In the MusclePharm Corporation v. Liberty Insurance Underwriters, Inc.7 case, decided immediately prior to Patriarch, the court considered the application of a much more restrictive definition of “Claim.” The relevant policy defined “Claim” as “(a) a written demand for monetary or non-monetary relief against an Insured Person…; (c) a formal administrative or regulatory proceeding against an Insured Person.” On May 16, 2013, MusclePharm received an inquiry notice from the SEC which notified the company of its investigation and requested various documents. By February 13, 2015, the SEC issued Wells Notices to MusclePharm—a formal notice that the SEC is likely to recommend enforcement against a recipient. MusclePharm provided notice to its D&O carrier who subsequently denied coverage because the letter did not rise to the level of a “Claim.” MusclePharm initiated a coverage action, but ultimately the Tenth Circuit agreed with the carrier. According to the court, the SEC’s inquiries and subpoenas did not qualify as “written demands for monetary relief” or “formal administrative or regulatory proceedings.” MusclePharm was entitled to coverage once it received the Wells Notice, but not before. In this case, a broader definition might have allowed for defense fees earlier in the process.
Since these two decisions were released in 2018, the issue of what constitutes a “Claim” for purposes of D&O and Professional Liability insurance has become more frequently litigated, with MusclePharm and Patriarch serving as guideposts for recent decisions on the issue. In the case of Crowley Maritime Corporation v. National Union Fire Insurance Company of Pittsburgh, PA8, the Eleventh Circuit Court of Appeals decided whether a DOJ/FBI investigation, which included a search warrant, affidavit, and subpoenas rose to the level of a “Claim” under the plaintiff’s professional liability policy. The policy defined “Claim” as (1) a written demand for relief; (2) a criminal proceeding commenced by return of an indictment, information, or similar charging document or receipt or filing of a notice of charges; or (3) a criminal investigation of an Insured Person “once such Insured Person is identified in writing by such investigating authority as a person against whom a proceeding [described in section 2(b)(2)] may be commenced.”9 The affidavit clearly identified an individual in writing against whom a criminal proceeding might be commenced. Though the court determined that there was no coverage based upon a notice issue, the Court noted that “the substantive content of the Affidavit clearly did constitute a claim.”10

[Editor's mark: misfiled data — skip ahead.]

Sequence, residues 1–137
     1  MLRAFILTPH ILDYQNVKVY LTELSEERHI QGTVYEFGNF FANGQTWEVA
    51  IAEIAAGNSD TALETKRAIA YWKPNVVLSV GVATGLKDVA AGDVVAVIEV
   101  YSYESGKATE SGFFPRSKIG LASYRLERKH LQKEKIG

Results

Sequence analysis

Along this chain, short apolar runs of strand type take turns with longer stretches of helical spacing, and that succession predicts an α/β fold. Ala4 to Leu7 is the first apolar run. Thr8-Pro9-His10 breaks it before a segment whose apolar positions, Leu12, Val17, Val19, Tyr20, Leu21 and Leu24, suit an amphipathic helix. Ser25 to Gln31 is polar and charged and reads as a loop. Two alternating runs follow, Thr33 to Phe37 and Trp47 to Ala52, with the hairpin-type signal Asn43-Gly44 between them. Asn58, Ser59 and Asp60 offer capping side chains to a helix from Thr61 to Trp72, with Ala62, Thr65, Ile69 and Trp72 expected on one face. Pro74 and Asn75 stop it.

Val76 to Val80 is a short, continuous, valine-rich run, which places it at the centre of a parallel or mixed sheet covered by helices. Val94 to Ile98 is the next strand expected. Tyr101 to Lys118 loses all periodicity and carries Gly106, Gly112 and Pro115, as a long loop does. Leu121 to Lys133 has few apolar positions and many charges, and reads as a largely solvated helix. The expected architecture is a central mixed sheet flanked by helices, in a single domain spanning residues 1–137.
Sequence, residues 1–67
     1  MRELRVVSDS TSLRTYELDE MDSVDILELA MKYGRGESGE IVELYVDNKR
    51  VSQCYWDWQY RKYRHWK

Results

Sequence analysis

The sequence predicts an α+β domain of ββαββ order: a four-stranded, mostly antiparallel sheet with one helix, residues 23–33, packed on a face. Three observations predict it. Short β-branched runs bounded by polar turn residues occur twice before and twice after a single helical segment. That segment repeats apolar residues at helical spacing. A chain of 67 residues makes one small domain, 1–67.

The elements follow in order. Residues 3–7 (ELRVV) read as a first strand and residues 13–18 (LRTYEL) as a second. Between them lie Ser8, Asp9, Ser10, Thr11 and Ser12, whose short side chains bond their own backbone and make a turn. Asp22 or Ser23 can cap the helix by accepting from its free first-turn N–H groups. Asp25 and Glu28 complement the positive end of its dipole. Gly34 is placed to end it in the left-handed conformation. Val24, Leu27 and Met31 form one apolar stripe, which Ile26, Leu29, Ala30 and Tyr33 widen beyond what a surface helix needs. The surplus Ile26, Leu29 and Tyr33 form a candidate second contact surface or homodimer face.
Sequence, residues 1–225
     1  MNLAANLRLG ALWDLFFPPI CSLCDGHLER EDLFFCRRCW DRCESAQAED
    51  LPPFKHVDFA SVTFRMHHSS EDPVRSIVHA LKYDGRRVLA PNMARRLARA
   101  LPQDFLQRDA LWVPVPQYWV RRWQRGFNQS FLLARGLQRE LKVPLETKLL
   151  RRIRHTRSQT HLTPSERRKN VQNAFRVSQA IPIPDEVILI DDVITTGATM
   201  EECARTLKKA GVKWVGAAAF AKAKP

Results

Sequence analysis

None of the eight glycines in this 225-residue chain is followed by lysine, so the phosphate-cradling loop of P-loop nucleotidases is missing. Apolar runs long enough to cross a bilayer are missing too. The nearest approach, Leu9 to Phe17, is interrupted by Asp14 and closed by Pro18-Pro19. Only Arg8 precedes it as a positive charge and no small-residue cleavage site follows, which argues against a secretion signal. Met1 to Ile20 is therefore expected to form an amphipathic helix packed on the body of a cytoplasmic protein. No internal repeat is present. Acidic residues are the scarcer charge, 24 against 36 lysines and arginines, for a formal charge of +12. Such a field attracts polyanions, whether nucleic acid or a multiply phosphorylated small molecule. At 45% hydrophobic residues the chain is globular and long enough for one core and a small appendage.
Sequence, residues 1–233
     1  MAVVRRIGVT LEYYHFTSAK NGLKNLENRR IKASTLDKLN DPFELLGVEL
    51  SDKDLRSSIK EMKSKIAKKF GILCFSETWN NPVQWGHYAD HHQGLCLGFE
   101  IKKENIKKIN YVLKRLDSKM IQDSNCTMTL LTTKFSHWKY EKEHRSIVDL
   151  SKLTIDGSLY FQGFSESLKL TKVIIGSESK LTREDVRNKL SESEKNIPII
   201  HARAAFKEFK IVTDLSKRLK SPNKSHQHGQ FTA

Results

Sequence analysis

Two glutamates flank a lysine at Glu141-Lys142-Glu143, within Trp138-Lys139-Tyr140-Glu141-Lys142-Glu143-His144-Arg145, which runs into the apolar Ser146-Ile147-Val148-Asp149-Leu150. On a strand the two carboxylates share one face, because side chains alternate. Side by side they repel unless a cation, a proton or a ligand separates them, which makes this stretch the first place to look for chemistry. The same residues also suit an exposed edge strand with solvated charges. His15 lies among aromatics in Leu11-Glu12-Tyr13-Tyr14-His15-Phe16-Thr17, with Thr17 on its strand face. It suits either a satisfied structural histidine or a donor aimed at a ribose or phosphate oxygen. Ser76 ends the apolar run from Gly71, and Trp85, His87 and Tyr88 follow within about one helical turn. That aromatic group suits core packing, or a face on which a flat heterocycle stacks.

In May 2019, the Delaware Superior Court in Conduent State Healthcare, LLC v. AIG Specialty Insurance Company11 discussed the Patriarch Partners case at length, as well as other authority on the issue. The court acknowledged the split in case law across the country before holding that a Civil Investigative Demand from the Texas Attorney General constituted a “’Claim’ alleging a ‘Wrongful Act.’” Notably in that case, the definition of “Claim” was incredibly broad, encompassing a written demand for money or a suit.
The wide scope of language used to define “Claim” is indicative of the many options that insurers have in expanding and limiting coverage. Some policies choose to use very broad language, simply defining the coverage trigger as a demand for relief or a “Suit,” while others specifically enumerate the type of actions, demands, or investigations that might be considered a “Claim.” As case law on this issue continues to develop, it will become clearer to insurers and insureds what ramifications these variations in language have on coverage.
Please feel free to reach out to any of the attorneys in our D&O practice group with questions. The attorneys at SDV have experience in navigating these multi-faceted claims. SDV can assist in a number of ways—by reviewing policy language when selecting a carrier or at renewal, counseling you through submission of a claim, negotiating coverage, or initiating litigation when necessary. The case law on this issue continues to evolve, but policyholders can avoid surprise by staying proactive in their insurance buying process.
1“Equifax Data Breach Settlement,” https://www.ftc.gov/enforcement/cases-proceedings/refunds/equifax-data-breach-settlement.
2“FBI Joining Criminal Investigation into Certification of Boeing 737 MAX,” https://www.seattletimes.com/business/boeing-aerospace/fbi-joining-criminal-investigation-into-certification-of-boeing-737-max/.
3Enforcement actions filed by the SEC increased from 754 in 2017 to 821 in 2018. U.S. Securities and Exchange Commission, Annual Report, Division of Enforcement, pg. 9 (https://www.sec.gov/files/enforcement-annual-report-2018.pdf).
4Other relevant definitions in the policy include “Loss,” “Defense Costs,” and “Wrongful Act.”
5758 Fed.Appx. 14 (2d. Cir. 2018).
6The warranty statement signed by Patriarch when it procured the additional insurance stated the following: The undersigned, on behalf of Patriarch and all of its directors and officers, hereby represents that as of the date of this letter neither the undersigned nor any other director or officer of Patriarch is aware of any facts or circumstances that would reasonably be expected to result in a Claim under the Captioned Policy.
7712 Fed. Appx. 745 (10th Cir. 2017).
8931 F.3d 1112 (11th Cir. 2019).
9Id. at 1122.
11No. CVN18C12074MMJCCLD, 2019 WL 2612829 (Del. Super. Ct. June 24, 2019).